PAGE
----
I think Frankl, Baumeister, Trunk, et al are overcomplicating the issue. It’s a no-brainer that when you fill your life with meaningful, fulfilling, and challenging activities, you are happier. When “experts” make up a definition of happiness as stress-free, or conflict-free, or taking rather than giving–well sure, then you won’t be happy if you achieve those things. But why on earth would you define happiness as those things when those are not the things that bring you happiness?

  13. Olivia
    Olivia says:

    I love this post. And I think Martin Seligman, the juggernaut of Positive Psychology, would agree with you:
    “The theory in Authentic Happiness is that happiness could be analyzed into three different elements that we choose for their own sakes: positive emotion, engagement, and meaning.”
    I agree with you that if I had to prioritize one above the others, it would be meaning. But sometimes we can get both. You got the Pinterest worthy apple picking and the meaning rich calf rescue in the same day! Can we pursue meaning and pleasure at the same time?

  14. Modern Marketeur
    Modern Marketeur says:

    I think it’s actually easier to assess one’s meaningfulness than one’s happiness. Happiness is a sum over times, whereas meaning is holistic and relatively constant for the short term.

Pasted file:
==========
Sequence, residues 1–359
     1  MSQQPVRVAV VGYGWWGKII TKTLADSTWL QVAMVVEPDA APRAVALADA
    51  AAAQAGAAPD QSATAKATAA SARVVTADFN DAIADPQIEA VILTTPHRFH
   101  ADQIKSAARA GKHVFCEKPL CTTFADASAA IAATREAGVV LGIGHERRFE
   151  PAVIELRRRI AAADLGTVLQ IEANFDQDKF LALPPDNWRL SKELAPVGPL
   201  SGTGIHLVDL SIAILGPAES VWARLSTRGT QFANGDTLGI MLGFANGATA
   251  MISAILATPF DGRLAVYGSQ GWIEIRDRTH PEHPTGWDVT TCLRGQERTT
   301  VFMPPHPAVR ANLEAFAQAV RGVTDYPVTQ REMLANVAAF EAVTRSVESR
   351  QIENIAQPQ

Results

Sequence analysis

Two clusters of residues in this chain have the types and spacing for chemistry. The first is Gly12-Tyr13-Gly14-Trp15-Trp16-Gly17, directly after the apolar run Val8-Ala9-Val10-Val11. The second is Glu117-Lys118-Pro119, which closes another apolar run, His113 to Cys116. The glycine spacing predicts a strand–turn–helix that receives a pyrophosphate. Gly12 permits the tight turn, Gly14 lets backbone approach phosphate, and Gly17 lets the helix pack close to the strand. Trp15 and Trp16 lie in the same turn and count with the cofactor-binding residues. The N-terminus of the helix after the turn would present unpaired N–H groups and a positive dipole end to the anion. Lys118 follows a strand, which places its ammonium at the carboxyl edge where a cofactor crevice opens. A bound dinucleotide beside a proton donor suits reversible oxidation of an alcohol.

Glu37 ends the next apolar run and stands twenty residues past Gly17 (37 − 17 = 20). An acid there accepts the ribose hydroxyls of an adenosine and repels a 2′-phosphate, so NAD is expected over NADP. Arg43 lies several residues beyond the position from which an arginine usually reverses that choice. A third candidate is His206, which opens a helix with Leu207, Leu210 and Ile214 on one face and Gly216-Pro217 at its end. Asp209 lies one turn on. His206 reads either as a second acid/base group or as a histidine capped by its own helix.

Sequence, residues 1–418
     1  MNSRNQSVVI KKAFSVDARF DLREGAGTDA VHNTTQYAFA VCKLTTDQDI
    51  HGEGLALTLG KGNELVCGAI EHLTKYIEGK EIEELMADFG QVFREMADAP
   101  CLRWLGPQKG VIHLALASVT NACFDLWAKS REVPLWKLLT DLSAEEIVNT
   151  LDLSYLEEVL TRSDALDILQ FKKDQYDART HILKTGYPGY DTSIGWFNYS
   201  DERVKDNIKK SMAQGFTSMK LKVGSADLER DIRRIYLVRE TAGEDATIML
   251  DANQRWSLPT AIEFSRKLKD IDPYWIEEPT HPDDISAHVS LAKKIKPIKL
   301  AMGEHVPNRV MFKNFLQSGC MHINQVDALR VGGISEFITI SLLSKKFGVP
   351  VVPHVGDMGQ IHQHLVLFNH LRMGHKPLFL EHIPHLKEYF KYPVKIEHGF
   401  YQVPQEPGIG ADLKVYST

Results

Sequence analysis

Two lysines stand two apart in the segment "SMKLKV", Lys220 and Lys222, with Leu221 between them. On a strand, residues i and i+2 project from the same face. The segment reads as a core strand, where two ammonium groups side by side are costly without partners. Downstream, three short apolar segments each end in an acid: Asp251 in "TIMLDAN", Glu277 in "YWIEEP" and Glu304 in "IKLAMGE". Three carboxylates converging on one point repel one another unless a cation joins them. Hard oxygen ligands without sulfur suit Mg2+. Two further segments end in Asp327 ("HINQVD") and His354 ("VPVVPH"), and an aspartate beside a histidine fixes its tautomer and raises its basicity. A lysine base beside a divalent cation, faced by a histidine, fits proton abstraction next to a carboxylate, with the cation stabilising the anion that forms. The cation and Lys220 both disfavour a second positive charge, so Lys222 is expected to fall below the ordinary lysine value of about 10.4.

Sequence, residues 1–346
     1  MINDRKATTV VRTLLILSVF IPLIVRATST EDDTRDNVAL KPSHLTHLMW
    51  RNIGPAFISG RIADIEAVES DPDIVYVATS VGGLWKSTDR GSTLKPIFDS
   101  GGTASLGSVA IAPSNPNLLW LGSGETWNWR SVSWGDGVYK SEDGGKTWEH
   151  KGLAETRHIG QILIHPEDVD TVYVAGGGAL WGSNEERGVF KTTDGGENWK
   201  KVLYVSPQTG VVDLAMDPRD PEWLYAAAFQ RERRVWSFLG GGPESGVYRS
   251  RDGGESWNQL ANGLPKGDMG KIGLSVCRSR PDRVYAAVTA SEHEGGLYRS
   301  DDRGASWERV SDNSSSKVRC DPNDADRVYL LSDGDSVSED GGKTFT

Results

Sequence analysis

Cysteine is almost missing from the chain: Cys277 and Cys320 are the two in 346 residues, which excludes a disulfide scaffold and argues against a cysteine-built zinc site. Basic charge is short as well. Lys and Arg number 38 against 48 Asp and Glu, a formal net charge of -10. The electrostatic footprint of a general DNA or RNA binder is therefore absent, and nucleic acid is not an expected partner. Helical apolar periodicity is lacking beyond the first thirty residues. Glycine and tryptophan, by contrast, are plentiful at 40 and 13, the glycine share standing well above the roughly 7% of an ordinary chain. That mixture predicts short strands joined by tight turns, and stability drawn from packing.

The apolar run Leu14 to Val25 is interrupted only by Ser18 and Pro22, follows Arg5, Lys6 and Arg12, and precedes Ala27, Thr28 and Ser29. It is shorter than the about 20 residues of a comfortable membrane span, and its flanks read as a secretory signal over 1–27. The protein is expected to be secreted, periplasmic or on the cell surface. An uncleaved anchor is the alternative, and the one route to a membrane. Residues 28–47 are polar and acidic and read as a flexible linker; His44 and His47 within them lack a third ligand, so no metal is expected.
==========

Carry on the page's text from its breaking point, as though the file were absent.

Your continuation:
• Chris M.
      Chris M. says:

      @ Modern
      so, what you’re basically trying to say is

      Given a polynomial equation in several unknowns x_1, …, x_n, and with integer coefficients, does it have a solution in the integers?

      While we can’t be certain whether P = NP we can only hope it does for all the practical computational benefits and milk, said saved calf might produce in such a world.

  15. Casey Berman
    Casey Berman says:

    Great, great post. The type of post that that helps a reader see clearly on a Monday morning and feel better about himself.

    Also, happiness is at once so easy to classify … and also so difficult to pursue. When you think you’re there, another bad thought or comparison enters the picture, making you unhappy once again. Meaning is accompanied by a lot more work, but it seems easier to track down, find and identify.

    Thank you

  16. Deila
    Deila says:

    I loved this post! The title really drew me in — and the story kept me interested and the explanation of meaning v.s. seeking happiness was spot on. I am sending this to all 5 of my kids (ages 18-30) and taping it to my mirror. Such great advice and links. Thanks for putting it together. I just wish I could have raised my kids on a farm :)

  17. Holly Gates
    Holly Gates says:

    I’ve never thought of the topic of today’s post in precisely those terms. Thanks for an interesting and thought provoking treatment.

    Speaking for myself, I think challenges interspersed with “happiness” is a perfect way to live. Being pushed (or better yet pushing yourself) out of your comfort zone is essential to gaining a sense of meaning, and also provides a backdrop with which to contrast later periods of complacent happiness, thus rendering the happy periods more enjoyable.